It was recently reported that Google has agreed to pay the Federal Trade Commission a record $22.5 million fine for violating online privacy agreements. Earlier this year the Obama Administration released a blueprint for a “Consumer Privacy Bill of Rights” for online users. And recently the New America Foundation’s Open Technology Institute was one of several organizations who signed on to the “Declaration of Internet Freedom.”
There is a growing sense that Internet users are entitled to minimum standards of privacy, openness and access online. How has this idea evolved in the United States? And how does it compare to consumer and policy maker expectations in Europe? Is the rise of the Pirate Party, first in Sweden but now also Germany, a reflection of European voter frustration on digital policy issues?
This week the New America Foundation and the Heinrich Boell Stiftung, a German think tank, hosted a joint event to discuss a range of topics related to digital issues and internet policies.
Open Technology Institute Policy Research Associate Patrick Lucey reported on the highlights:
Daniel Weitzner, the deputy chief technology officer for Internet policy at the White House, kicked off the conversation, which explored topics like the Obama Administration’s proposed “Consumer Privacy Bill of Rights” for online users and European protests of ACTA, the Anti-Counterfeiting Trade Agreement. The ACTA is an international treaty that raises concerns similar to the SOPA/PIPA debate in Congress earlier this year. Just like American citizens, residents of Europe are worried that over-aggressive copyright enforcement could lead to increased online surveillance and limits to free speech.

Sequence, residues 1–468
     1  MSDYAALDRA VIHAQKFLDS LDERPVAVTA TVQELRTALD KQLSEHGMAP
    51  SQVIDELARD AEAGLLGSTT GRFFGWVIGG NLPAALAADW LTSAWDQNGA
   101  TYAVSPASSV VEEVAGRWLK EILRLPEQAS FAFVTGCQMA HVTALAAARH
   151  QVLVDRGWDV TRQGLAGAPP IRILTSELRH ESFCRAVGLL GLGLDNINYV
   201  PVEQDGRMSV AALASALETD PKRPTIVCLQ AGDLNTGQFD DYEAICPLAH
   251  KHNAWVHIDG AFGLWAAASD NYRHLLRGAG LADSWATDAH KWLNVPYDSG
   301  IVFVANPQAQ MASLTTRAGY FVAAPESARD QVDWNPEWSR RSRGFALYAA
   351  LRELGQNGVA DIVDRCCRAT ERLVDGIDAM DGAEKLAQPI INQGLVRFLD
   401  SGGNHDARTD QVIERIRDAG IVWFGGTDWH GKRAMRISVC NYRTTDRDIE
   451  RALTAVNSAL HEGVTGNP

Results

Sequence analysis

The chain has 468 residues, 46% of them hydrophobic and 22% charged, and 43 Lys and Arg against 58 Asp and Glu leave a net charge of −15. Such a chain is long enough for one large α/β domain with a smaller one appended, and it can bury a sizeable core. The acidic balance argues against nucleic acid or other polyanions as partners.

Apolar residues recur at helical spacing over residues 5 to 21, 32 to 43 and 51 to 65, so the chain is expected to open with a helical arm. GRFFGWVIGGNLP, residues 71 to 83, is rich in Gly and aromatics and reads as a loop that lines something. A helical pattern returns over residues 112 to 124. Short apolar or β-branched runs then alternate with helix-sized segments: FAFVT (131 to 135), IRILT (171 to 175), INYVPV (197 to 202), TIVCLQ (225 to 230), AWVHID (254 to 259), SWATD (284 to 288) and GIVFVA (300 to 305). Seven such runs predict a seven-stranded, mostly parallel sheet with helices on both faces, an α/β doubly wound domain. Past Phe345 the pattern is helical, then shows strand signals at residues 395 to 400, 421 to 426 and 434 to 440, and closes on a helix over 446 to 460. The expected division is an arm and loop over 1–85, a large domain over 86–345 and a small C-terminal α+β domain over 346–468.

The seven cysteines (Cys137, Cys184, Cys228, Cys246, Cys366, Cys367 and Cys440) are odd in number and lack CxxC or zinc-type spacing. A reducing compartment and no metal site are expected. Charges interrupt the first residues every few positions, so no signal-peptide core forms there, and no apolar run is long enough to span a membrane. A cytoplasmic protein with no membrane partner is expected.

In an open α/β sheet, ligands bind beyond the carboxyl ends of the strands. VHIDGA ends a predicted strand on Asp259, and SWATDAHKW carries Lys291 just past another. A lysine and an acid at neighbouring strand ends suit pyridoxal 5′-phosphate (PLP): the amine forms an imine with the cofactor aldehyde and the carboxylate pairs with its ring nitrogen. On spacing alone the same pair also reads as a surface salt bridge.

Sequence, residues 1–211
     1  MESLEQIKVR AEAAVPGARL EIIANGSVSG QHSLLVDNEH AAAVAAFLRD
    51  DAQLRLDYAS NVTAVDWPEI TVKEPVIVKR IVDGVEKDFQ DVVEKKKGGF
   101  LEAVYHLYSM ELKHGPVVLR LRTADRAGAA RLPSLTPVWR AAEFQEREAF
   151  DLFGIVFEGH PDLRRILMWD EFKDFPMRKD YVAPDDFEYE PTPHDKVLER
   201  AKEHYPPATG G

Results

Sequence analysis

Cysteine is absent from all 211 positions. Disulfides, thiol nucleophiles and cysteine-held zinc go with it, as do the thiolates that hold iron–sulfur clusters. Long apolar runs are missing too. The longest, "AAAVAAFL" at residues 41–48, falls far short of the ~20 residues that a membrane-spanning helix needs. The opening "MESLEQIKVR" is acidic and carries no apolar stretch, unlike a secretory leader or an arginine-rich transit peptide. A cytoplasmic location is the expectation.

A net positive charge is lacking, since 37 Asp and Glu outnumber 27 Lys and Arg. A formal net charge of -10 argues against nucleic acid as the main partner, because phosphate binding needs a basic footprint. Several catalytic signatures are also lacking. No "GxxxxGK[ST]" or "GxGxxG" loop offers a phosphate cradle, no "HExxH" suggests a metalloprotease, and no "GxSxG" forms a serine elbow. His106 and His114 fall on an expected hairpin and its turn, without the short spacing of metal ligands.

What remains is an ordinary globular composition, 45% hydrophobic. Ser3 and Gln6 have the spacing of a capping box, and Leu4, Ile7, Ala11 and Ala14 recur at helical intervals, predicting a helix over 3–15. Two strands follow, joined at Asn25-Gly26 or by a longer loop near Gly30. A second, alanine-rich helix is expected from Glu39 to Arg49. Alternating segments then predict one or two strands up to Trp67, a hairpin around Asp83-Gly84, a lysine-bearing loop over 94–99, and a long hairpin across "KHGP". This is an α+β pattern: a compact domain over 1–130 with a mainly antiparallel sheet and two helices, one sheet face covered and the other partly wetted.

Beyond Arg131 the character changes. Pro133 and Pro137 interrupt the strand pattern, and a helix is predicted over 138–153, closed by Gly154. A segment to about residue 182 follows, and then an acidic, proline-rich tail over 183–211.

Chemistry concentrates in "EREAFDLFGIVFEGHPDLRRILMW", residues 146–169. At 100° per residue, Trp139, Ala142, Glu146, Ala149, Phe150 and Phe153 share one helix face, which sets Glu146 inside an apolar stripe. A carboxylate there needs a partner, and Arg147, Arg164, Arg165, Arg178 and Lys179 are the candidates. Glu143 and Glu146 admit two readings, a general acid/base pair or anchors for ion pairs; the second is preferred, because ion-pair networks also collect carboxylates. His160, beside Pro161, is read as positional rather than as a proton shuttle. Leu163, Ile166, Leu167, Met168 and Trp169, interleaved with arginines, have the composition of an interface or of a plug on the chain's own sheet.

Two major themes emerged from the panelists’ comments. First, the public is extremely engaged on policies that govern our online experience. Usually dismissed as overly technical, Internet governance issues have grabbed the public’s attention, underscoring the importance users place on freedom online. Dr. Jeanette Hofmann, the director of the Humboldt Institute for Internet and Society, noted that the rise of the Pirate Party in Germany has forced all other political parties to clearly define their positions on a range of Internet policy issues.
Second, there is a strong public expectation that policy reforms which could impact our online experience must be debated in an open and public way before being implemented. Part of the opposition to SOPA/PIPA in the U.S. and ACTA abroad was rooted in process as much as content: Citizens refused to accept reforms that were drafted in secret or attempted to be rushed through Congress.
At the end of the event panelists agreed that while there are many cultural differences between the U.S and Europe, citizens here and abroad are in closer agreement than many think when it comes to expectations on online privacy, surveillance and efforts to maintain a free and open Internet.